SINGAPORE - A 22-year-old man, who pawned a total of 19 fake gold bars and handed over $33,000 he received from pawnshops to a syndicate member, was sentenced to a year in jail Friday (May 12).
Aldi Hoon Zhen Bao, a chicken and duck seller, admitted to two charges of conspiring with someone named "Ah Kim" to cheat pawnshops and one charge of conspiracy to try and cheat another pawnshop in September last year.
A district court heard that Hoon was recruited to help a syndicate dealing in fake gold bars.
Sometime in September last year, his friend, Wilson, introduced him to Ah Kim who asked him to help pawn fake gold bars.
Hoon's job was to take the gold bars and lie to the pawnshops about how he had gotten them. In return, he would receive 10 per cent of the money that was paid by the pawnshops for each gold bar he succeeded in pawning.
Hoon agreed to to Ah Kim's proposal as he owed Wilson money.
On Sept 9, Ah Kim drove him to Maxi-Cash at Ang Mo Kio Avenue 8 where Hoon pawned seven fake gold bars to a staff there for $12,000. He claimed that the gold bars were given to him by his Indonesian grandfather.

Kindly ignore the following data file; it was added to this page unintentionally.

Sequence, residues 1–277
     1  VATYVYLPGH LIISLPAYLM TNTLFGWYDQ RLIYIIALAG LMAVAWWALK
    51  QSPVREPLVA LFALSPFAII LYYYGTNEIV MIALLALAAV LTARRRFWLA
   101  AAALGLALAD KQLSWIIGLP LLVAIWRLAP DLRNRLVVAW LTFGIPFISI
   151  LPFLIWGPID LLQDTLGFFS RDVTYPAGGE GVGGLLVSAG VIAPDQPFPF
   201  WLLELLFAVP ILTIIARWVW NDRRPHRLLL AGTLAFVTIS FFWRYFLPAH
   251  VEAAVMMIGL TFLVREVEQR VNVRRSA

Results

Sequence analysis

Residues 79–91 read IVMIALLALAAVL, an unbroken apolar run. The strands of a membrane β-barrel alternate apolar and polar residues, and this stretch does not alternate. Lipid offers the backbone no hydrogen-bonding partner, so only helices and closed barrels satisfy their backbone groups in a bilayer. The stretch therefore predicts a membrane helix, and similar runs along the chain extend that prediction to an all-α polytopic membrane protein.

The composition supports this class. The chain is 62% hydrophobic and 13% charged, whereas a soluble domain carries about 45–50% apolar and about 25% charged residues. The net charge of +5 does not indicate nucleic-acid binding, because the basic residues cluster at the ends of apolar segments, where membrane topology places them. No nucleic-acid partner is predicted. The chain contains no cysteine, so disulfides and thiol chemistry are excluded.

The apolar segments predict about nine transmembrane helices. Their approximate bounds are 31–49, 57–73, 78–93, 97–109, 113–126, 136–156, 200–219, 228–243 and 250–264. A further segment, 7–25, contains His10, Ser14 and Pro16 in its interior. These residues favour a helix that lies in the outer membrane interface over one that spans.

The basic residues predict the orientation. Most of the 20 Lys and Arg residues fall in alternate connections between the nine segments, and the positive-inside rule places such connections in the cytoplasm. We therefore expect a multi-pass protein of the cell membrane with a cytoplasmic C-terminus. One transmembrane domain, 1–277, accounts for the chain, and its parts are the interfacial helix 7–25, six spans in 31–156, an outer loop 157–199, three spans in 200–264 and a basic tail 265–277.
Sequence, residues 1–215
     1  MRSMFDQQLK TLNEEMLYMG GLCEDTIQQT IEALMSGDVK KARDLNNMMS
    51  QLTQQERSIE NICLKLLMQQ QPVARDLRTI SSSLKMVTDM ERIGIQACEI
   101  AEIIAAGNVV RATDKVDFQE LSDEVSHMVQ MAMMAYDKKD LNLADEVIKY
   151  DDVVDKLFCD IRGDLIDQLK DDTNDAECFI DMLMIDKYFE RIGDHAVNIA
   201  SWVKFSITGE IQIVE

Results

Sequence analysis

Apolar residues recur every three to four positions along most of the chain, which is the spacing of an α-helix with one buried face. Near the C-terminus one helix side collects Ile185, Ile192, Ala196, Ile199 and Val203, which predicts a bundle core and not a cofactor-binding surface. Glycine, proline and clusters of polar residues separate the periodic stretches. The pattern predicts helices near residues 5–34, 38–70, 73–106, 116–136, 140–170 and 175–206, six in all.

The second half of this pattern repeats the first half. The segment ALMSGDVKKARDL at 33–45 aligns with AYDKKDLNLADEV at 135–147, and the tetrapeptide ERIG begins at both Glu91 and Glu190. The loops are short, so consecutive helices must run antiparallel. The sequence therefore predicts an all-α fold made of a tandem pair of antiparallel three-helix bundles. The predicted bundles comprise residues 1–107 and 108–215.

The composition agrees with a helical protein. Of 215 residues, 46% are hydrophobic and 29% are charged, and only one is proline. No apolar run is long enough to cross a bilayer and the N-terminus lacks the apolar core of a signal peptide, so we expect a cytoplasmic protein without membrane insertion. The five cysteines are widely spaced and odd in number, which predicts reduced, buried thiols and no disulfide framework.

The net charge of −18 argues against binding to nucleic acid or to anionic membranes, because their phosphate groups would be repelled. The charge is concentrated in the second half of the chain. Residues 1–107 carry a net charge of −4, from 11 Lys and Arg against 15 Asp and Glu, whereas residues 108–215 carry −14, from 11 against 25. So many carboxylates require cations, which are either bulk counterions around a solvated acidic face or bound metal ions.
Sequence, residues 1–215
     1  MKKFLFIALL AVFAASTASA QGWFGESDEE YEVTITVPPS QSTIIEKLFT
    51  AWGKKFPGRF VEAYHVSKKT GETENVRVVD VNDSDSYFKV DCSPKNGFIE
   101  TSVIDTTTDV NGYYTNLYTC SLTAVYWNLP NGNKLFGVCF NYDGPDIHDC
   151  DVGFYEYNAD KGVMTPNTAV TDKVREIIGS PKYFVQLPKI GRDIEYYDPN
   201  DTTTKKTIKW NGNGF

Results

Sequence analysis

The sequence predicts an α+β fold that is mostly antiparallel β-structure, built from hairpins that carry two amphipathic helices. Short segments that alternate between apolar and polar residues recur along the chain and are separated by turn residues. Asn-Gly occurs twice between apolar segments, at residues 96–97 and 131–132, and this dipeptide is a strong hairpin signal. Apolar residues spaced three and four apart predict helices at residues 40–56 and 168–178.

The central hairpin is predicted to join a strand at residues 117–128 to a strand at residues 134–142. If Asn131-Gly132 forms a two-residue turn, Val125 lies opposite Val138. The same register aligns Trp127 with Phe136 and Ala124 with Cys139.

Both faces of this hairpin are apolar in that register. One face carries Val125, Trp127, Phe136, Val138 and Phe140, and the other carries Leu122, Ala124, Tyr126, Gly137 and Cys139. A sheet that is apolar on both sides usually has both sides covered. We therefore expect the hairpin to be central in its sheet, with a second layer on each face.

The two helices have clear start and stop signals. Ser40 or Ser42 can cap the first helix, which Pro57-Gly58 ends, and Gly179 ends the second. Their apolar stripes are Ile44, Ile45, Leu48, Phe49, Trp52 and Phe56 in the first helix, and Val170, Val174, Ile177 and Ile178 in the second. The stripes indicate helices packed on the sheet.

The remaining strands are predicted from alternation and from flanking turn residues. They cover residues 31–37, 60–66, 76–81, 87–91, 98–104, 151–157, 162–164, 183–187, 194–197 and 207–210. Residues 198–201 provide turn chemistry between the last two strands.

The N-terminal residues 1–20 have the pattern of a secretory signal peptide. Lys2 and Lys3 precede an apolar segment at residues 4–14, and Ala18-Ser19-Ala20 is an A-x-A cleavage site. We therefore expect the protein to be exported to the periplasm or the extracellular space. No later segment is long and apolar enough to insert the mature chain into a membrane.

Ah Kim also drove him to ValueMax at Bishan North Shopping Mall that day. Hoon presented six fake gold bars to the staff, claiming he had bought them in Malaysia. He was given $10,500.
The next day, Ah Kim drove him to Sheng Heng at Ang Mo Kio Avenue 8.
Hoon showed a staff member 10 fake gold bars which he claimed were from his late grandmother.
Initially, the staff member at the shop accepted them and said he would be paid $15,000. But he later realised that the bars were fake and told Hoon.
Hoon, who had two other charges taken into consideration, pawned 19 fake gold bars and received $33,000 which he handed over to Ah Kim. Ah Kim paid him $1,800 and said the balance of $1,500 would be paid to Wilson.
Hoon also tried to pawn another 15 fake gold bars. All the fake gold bars were seized and found to be gold plated with a low gold content.
Deputy Public Prosecutor Nathaniel Khng, who sought six months' jail per charge, cited aggravating factors. He said the offences were syndicated in nature and not one-off; there was pre-meditation and significant losses caused to the victims; and a significant number committed over a span of two days.
He said if such offences were allowed to be prevalent, they would have a negative impact on an important part of the financial services industry in Singapore, which caters to those who require short-term financial relief.
Hoon, whose sentence was backdated to Sept 15, could have been jailed for up to 10 years and fined on each of the first two charges; and up to five years and fined for the attempt.